Malaysian Borneo – The monkey I saw most often on my trip through Asia was the macaque. Long-tailed macaques are not shy (although sometimes aggressive; be careful!) and that made for some wonderful closeup photos like this one (below) from Bako National Park, an island in Malaysian Borneo.
Another travel photographer said this wildlife shot of a long-tailed macaque (the monkey in the above photo) should be the next cover of Lonely Planet Borneo (Travel Guide). Perhaps! I’m really flattered by the compliment, but I need to thank the photogenic monkeys that were so kind to pose for me.
Getting this photo: Shots like this are challenging, because this monkey didn’t pose for me, and macro shots aren’t compatible with motion and you can’t predict eye contact from wildlife. You need to be in the right focus to have the monkey crisp with the background blurred so it pops. In contrast, I love the composition of the lower photo, but I had to use my zoom so the depth of field is much more flat.
Pronunciation – yes, the correct pronunciation for this monkey is actually Muh-kok. [Giggle giggle] Read more...(267 words, 7 images, estimated 1:04 mins reading time)
I was fascinated by Borneo’s Proboscis Monkeys! It was a rare chance to observe and photograph an endangered species in the wild. Proboscis Monkeys seem so human-like! Imagine a monkey with a distinctive huge nose and a pot belly. They often walk upright (rare for mammals) and sit like humans sit.
The proboscis monkey name, Nasalis larvatus, literally translates to “long nose,” and you can see why (below):
A male proboscis monkey’s nose can reach up to 7 inches in length!
Sometimes Proboscis Monkeys seem so human-like! This proboscis monkey was frantically eating as if he hadn’t eaten for days! Take a look in this video clip from my time in Malaysian Borneo:
Bako National Park also has bearded pigs, which greeted us upon entering the island. When we heard a typical pig sound later in the day, we were surprised to hear these honking sounds coming from proboscis monkeys.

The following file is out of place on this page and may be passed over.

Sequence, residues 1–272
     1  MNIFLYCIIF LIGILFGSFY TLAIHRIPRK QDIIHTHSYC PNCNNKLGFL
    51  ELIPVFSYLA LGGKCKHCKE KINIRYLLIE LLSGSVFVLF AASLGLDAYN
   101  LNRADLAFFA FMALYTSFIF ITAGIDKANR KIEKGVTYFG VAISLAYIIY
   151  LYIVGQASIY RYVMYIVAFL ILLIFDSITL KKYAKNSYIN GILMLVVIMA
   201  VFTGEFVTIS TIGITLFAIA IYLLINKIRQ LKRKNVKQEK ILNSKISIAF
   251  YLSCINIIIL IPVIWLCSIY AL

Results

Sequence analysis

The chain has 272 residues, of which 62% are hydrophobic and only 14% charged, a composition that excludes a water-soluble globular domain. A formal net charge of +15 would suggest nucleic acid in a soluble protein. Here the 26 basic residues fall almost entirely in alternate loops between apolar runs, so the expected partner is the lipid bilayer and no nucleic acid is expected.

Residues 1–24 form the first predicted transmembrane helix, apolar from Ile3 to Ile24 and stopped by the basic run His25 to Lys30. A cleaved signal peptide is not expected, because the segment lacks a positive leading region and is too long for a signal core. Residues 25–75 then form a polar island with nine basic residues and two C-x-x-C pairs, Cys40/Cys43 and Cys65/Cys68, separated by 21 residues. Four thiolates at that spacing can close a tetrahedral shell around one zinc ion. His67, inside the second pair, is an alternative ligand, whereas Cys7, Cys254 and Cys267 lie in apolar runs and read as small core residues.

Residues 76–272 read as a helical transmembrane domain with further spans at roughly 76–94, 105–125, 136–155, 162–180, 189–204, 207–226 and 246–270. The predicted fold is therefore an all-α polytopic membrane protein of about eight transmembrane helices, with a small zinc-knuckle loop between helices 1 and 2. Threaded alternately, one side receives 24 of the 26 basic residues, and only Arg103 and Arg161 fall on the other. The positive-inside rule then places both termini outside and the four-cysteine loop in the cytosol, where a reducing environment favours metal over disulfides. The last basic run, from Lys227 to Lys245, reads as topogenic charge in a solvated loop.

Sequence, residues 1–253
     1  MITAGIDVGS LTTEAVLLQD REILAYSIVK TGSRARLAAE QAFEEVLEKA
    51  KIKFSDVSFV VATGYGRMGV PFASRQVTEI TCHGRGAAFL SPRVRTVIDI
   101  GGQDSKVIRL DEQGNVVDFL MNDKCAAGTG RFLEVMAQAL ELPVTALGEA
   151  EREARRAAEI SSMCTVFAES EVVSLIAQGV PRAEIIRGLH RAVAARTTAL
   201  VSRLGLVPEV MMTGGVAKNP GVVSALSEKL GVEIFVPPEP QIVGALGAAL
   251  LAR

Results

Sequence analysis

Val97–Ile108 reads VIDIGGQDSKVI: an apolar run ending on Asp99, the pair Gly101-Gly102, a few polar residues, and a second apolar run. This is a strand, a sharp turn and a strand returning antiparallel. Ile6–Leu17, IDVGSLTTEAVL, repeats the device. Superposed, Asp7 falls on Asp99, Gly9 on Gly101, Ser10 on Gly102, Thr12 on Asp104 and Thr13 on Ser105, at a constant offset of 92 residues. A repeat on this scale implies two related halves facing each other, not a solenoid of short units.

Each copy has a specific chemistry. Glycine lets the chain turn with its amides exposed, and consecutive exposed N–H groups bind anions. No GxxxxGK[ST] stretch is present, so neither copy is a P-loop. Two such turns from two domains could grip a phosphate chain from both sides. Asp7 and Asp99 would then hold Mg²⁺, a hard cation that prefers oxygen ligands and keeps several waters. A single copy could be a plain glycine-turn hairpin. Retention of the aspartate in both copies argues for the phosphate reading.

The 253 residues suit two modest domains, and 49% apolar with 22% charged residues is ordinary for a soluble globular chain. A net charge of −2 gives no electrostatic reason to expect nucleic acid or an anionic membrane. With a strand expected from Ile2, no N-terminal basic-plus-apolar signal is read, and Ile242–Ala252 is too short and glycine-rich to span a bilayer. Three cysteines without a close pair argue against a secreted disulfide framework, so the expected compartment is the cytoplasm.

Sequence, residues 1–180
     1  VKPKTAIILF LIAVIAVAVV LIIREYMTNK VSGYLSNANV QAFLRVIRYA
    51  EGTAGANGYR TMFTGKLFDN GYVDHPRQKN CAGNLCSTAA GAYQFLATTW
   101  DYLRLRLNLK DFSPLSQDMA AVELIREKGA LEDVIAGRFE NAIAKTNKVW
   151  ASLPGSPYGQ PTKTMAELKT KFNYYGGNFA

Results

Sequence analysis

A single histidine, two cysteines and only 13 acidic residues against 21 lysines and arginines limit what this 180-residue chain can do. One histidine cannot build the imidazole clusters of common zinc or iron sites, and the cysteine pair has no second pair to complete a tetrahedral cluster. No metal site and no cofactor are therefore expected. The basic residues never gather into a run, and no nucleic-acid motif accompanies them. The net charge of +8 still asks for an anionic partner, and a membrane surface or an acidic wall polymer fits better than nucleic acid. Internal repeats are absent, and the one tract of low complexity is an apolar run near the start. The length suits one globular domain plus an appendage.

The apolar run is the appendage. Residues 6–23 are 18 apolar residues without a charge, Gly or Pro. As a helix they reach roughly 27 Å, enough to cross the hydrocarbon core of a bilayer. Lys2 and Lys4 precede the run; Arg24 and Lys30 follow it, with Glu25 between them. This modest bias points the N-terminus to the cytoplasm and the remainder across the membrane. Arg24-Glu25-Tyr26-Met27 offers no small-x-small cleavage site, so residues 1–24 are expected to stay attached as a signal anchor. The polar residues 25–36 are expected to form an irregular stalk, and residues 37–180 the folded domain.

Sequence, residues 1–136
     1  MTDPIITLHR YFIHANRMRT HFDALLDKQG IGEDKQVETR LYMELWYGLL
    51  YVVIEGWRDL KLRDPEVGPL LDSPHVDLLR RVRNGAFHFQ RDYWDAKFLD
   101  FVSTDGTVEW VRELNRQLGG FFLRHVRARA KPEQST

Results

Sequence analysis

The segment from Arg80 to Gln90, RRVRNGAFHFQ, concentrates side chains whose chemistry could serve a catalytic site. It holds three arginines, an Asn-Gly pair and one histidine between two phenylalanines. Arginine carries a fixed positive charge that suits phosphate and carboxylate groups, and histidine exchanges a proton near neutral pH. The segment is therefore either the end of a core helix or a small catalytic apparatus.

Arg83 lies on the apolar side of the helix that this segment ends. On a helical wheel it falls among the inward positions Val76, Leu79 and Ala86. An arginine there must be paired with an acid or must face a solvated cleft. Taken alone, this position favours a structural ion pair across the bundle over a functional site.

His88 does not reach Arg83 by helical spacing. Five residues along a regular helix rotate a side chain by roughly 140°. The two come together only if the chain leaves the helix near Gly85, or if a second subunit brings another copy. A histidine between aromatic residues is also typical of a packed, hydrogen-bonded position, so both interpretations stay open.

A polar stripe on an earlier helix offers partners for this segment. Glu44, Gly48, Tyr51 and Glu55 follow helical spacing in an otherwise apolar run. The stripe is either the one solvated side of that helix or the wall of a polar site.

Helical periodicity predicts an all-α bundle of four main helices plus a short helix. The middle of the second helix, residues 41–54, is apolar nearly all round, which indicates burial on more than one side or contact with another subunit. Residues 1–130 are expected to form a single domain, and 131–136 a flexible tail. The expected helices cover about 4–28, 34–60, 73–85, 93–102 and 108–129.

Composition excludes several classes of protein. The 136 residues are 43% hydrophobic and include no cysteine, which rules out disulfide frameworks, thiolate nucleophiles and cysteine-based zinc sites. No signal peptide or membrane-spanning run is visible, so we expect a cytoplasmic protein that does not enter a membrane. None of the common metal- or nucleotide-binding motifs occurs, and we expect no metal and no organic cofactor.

Orangutans are much more closely related to humans, but the mannerisms of proboscis monkeys made me stop in my tracks and want to observe them all day. I did. Read more...(577 words, 6 images, estimated 2:18 mins reading time)
Chinese New Year is a time for family, similar to Thanksgiving in America. For some reason I (ignorantly) had assumed it would be a party holiday, so I made great efforts to get out of a jungle and into a “major” city. Thus, part two of our Chinese New Year’s experience was in the city of Kota Kinabalu.
After walking the city, we found exactly one bar with more patrons than bar staff. There was a cover band there, but we quickly noticed they were consistently singing the wrong lyrics to nearly every song; not just the obscure verses but also the chorus as well. The crowd didn’t seem to notice and even started singing along with what the singer was singing. When the lead singer noticed us at the bar, he suddenly looked visibly nervous, and would slur the words he was less confident on under his breath. Then in between songs he stopped by and asked us if we wanted to sing! Read more...(372 words, 2 images, estimated 1:29 mins reading time)
This experience reminds me of what I love about travel…
Do you remember the first time you saw a photo of yourself? Digital cameras are amazing but it’s something some people in the world will never experience. I’ll never forget my first such encounter with a group of kids on an island off the coast of Malaysian Borneo.
Wandering onto the end of the island where the locals lived, I stumbled upon some really interesting homes, and people, including this group of children. I crouched down to get to eye level and introduced myself to a few kids. I politely asked if I could take their picture, showing my SLR camera. Silence.
I scanned the group one by one, stopping at the shy boy on the far right. 1st Boy: “No!” I almost left at that point, but decided to be patient.
The middle one, a girl, just shook her head (4th photo down on this post). It was looking doubtful at this point. The third one just gave me a blank stare, so at that point I either wasn’t communicating, or wasn’t welcome. After the longest five seconds, I started to get up when the third boy nodded. It’s important to note that basic mannerisms are different in every country, so you always need to learn what they mean in that country, island, or village, or at least be aware that they don’t mean the same as in yours. In this case I didn’t know, but I ran with it. Read more...(1014 words, 8 images, estimated 4:03 mins reading time)